295 Makin to Department of External Affairs

Dispatch 64/48 WASHINGTON, 4 October 1948


Attached is an analysis [1] prepared by Mr. Bullock of the statement made at the Far Eastern Commission on 23rd September by the Soviet Ambassador, Alexander S. Panyushkin, in which he proposed that there should be no limitations on the development of Japan's peaceful industry and that a control authority should be established for a period of several years to prevent the revival and creation of Japanese war industry. [2]

One fact which emerges from this statement is that the U.S.S.R.

apparently does not see any threat to its security from a high level of industrial development in Japan and in fact desires to encourage it provided they have the opportunity to share in its direction and control. The views of the U.S. and the U.S.S.R. on Japanese industry have in fact converged, though their approach to the problem is from entirely different premises.

It is difficult to determine the calculations which may have entered into a Soviet decision that an economically strong Japan would best suit their own long term interests. But the following possible calculations may be briefly mentioned- a. Japan has never had a democracy. It has only had a political system. The influence of the occupation is merely a frosting which will evaporate when the Americans withdraw leaving the Japanese population as susceptible as ever to domination by a totalitarian system.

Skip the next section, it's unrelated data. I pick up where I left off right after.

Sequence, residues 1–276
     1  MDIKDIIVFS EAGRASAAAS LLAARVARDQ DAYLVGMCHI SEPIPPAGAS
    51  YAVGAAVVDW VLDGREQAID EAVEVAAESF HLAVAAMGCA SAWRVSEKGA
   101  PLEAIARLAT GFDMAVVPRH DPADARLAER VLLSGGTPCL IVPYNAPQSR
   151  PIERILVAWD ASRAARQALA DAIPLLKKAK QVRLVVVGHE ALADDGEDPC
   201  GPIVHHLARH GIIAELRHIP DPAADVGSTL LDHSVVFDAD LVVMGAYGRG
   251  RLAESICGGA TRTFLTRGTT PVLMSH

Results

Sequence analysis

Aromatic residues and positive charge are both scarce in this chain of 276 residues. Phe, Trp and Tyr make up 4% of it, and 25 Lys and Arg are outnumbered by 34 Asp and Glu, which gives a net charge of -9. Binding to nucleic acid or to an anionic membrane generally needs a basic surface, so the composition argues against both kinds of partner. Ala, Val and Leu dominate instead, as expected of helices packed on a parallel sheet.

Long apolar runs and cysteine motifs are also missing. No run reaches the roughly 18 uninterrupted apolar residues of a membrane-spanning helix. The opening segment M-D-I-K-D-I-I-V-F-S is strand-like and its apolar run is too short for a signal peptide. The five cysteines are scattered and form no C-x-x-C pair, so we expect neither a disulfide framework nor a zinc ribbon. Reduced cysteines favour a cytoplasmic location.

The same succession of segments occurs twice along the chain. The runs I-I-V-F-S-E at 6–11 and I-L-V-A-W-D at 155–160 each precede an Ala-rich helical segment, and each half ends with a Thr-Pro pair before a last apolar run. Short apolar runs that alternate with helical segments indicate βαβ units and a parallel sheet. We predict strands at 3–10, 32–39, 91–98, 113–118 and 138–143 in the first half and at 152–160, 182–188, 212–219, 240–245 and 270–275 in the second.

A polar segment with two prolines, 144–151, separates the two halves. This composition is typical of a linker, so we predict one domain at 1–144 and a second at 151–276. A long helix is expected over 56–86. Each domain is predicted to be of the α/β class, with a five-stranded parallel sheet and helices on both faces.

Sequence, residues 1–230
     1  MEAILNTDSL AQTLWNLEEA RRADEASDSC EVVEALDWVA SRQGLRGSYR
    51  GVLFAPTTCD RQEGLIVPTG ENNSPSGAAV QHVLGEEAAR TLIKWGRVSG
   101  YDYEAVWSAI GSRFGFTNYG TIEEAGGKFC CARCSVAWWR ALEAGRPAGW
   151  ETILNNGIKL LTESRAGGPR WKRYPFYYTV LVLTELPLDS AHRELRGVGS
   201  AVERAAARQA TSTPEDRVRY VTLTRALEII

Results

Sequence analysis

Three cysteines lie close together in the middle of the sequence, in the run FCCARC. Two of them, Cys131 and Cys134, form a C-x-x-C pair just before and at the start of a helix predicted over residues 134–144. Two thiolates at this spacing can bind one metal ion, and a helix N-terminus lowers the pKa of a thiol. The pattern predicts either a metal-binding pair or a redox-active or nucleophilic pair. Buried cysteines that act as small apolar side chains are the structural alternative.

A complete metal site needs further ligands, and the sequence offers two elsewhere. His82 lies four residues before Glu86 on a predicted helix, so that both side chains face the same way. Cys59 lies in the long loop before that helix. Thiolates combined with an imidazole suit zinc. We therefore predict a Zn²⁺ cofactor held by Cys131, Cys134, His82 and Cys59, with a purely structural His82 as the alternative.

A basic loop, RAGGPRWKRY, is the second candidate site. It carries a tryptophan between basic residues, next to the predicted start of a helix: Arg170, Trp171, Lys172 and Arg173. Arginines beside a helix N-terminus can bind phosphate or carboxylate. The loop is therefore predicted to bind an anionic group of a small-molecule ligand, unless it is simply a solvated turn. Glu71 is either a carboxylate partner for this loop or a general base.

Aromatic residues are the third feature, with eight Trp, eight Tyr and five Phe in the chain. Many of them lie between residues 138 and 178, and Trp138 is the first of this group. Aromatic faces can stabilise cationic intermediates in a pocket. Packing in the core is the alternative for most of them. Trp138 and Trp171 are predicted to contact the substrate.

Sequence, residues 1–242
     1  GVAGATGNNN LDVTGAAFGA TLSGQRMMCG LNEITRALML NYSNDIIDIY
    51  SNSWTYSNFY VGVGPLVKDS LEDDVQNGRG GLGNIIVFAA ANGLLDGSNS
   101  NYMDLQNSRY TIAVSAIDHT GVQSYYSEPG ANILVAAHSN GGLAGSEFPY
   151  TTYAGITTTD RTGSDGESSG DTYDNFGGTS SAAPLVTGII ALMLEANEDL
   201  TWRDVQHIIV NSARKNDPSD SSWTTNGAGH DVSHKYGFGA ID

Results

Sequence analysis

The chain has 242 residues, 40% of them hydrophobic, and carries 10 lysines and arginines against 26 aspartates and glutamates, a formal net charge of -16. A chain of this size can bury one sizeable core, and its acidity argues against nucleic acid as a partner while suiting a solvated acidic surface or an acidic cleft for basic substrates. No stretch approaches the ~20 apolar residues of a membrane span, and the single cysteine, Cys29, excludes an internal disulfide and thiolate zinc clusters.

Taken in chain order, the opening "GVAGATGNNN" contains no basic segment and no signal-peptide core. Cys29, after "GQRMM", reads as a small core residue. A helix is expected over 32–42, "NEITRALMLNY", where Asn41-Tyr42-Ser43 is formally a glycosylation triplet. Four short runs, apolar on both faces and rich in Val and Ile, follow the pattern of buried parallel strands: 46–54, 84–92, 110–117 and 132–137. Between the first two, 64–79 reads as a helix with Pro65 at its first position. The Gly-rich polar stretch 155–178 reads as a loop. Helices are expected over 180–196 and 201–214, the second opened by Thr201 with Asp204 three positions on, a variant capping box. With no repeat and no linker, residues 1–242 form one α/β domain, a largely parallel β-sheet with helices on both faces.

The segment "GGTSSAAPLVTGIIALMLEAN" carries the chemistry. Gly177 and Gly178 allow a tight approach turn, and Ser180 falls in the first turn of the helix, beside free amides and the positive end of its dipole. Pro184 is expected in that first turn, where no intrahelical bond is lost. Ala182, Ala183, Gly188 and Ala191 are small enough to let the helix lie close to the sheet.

b. The very nature of the Japanese economy, requires access to the raw materials of Manchuria, Korea and North China. On a Soviet assumption that these areas will be under the control of the U.S.S.R. once this inevitable pattern of economic relations has been re-established it would be possible for the Soviet merely to reverse the historical direction of the domination and a highly industrialised Japan will fall within the Soviet orbit.

The Soviet statement would appear to reflect considerable confidence in their own long term programme in Asia and in the outcome of an economic struggle in which they are prepared to pit natural economic and historical factors against United States efforts to establish artificial economic relationships at great cost and burden to themselves.

1 Not published.

2 FEC-320/1.

[AA:A1838/283, 479/3/1/1]